Mobile Dental Clinic serves children who need it the most

Mobile Dental Clinic.

Mobile Dental Clinic.

Photo By Joshua Emerson Smith

Check it out:
The First 5/Northern Valley Indian Health Mobile Dental Clinic truck will be in the parking lot of the Enloe Children’s Health Center from July 25 to Aug. 12. For more information, call 520-6913.

Fletcher Parish was fairly reluctant about his first-ever trip to the dentist, said his mother, Tanya Parish. But when he found out the appointment was in a truck, the 2-year-old was all for it.

The 40-foot-long Mobile Dental Clinic (MDC)—founded in 2008 by Northern Valley Indian Health Inc., and funded by $375,000 in grant money from government-funded early-childhood program First 5 California—was parked in front of Enloe Children’s Health Center on Cohasset Road recently when Fletcher and his mother walked up and knocked on the door of what looked like a giant ice cream truck.

A staff member welcomed the family inside the colorfully painted, roving dental office housing two exam rooms and a waiting room. Dr. Cynthia Carter, the dentist on staff that day, introduced herself and sat down with Fletcher and his mom in one of the exam rooms, complete with all the necessary tools and a dentist’s chair.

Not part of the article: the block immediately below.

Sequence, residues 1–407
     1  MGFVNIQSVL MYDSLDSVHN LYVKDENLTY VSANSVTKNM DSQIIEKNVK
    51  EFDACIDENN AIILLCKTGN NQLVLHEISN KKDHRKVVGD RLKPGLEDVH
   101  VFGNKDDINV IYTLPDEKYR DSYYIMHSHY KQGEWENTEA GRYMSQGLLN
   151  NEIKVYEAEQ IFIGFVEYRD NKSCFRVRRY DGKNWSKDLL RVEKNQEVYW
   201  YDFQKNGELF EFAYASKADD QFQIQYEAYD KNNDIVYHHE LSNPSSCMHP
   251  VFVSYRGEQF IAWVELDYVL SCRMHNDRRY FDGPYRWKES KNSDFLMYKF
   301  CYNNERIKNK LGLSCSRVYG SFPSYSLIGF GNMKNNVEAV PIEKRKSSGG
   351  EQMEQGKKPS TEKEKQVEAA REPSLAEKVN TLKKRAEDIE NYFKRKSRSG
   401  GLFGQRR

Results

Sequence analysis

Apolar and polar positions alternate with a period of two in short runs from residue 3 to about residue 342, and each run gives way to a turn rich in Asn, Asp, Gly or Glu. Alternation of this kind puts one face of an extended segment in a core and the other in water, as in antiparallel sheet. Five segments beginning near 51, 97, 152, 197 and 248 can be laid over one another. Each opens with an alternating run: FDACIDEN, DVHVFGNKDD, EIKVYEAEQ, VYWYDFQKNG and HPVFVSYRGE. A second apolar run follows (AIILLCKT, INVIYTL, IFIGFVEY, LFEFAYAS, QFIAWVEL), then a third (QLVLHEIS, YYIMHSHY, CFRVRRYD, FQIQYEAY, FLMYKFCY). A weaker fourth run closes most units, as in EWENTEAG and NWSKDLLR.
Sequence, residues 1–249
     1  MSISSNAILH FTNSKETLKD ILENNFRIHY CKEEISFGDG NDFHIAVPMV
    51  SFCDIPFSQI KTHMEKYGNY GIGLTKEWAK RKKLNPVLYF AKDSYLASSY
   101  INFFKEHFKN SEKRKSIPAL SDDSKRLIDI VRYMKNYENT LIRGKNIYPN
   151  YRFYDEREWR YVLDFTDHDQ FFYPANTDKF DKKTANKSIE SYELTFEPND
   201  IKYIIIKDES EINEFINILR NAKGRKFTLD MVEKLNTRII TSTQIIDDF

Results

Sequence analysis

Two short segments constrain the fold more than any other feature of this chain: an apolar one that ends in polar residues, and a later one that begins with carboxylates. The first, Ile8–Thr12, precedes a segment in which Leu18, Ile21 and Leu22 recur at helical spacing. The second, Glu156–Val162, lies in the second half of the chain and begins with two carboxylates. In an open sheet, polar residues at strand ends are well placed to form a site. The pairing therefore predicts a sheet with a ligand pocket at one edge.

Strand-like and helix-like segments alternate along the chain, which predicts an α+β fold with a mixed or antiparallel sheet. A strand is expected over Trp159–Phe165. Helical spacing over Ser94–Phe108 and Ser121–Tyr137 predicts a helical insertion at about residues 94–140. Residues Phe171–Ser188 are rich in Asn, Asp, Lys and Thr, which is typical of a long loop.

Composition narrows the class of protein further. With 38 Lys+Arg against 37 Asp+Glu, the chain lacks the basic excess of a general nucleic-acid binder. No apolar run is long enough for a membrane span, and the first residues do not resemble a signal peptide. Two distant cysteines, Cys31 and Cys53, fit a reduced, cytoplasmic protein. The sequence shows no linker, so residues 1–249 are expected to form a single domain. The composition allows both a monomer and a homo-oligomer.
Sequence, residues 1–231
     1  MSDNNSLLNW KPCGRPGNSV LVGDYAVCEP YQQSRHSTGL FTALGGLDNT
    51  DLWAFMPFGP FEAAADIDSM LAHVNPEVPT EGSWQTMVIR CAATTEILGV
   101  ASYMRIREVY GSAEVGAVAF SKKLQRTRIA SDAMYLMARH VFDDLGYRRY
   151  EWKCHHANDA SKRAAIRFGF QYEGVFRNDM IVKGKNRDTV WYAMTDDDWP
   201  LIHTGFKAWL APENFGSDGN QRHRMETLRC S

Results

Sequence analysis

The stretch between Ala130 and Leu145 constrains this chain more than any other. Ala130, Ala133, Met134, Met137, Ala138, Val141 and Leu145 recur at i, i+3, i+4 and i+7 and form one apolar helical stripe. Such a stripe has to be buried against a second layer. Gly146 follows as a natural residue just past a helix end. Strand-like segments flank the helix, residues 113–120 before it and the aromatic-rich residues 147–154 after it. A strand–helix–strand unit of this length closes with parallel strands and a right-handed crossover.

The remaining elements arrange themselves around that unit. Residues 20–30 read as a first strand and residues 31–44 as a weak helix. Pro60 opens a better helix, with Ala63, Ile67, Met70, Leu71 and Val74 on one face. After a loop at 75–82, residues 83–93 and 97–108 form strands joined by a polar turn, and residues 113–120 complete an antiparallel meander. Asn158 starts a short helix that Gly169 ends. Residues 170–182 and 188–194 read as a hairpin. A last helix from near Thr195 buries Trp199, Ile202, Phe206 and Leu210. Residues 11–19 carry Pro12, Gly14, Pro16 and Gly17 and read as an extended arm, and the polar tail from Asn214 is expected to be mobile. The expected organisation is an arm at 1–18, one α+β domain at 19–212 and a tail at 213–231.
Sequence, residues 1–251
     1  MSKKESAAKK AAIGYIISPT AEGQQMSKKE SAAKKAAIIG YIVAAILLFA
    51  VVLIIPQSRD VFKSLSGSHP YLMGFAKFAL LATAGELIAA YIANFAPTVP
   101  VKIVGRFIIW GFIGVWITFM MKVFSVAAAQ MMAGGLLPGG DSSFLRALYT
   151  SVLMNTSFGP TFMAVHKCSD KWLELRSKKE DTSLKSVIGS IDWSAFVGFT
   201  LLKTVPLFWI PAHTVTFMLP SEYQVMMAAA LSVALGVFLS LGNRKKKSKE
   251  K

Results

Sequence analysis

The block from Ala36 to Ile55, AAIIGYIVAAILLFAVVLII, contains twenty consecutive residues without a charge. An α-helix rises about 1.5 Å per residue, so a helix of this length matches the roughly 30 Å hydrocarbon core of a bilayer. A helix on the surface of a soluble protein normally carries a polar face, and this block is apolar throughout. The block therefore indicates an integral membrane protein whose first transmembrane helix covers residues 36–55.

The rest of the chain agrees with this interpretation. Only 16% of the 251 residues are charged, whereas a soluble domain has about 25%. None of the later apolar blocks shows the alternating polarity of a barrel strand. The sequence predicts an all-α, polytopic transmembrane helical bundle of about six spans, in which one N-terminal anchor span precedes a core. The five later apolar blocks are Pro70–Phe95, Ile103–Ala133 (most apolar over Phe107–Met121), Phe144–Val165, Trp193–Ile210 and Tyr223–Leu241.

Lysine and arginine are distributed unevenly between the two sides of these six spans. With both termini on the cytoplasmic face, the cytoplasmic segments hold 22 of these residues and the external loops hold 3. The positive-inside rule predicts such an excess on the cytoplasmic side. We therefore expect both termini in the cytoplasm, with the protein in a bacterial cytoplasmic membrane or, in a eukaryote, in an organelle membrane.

Carter started with a checklist of questions ranging from how many times a day Fletcher brushes his teeth to what kind of foods he likes. Then she asked Fletcher to lie down on his mother’s lap. He did so calmly while Carter looked inside his mouth for cavities.

“Kids feel really comfortable here,” offered Carter, of the mobile clinic that offers its no-cost services to children younger than 6 and pregnant women with limited or no insurance who live in Butte, Glenn and Tehama counties. “Their parents are able to sit next to them and hold their hand, whereas often dental clinics don’t allow parents in the treatment rooms.”

Considering that dental disease is the most common chronic illness suffered by American children, according to the National Conference of State Legislatures, and that the dental health of California’s children ranked third from the bottom in the National Survey of Children’s Health, places like the MDC are a welcome breath of fresh air.

Dr. Cynthia Carter is one of two dentists who staff the Mobile Dental Clinic.

Photo By Joshua Emerson Smith

The existence of the MDC is especially welcome for parents such as Parish who participate in the state’s Healthy Families program. Healthy Families, as its website ( states, is “low-cost insurance for children and teens [that] provides health, dental and vision coverage to children who do not have insurance and do not qualify for free Medi-Cal.”

Parish, who recently moved with her family from the San Francisco Bay Area back to her hometown of Chico, said she was relieved when she heard about the MDC from Fletcher’s pediatrician. She said it was easier to find a dentist in the Bay Area that would take her Healthy Families insurance.

“It was really hard for me to find a dentist [in Chico] that took our insurance,” she said. “I think I pretty much called everyone in the book.”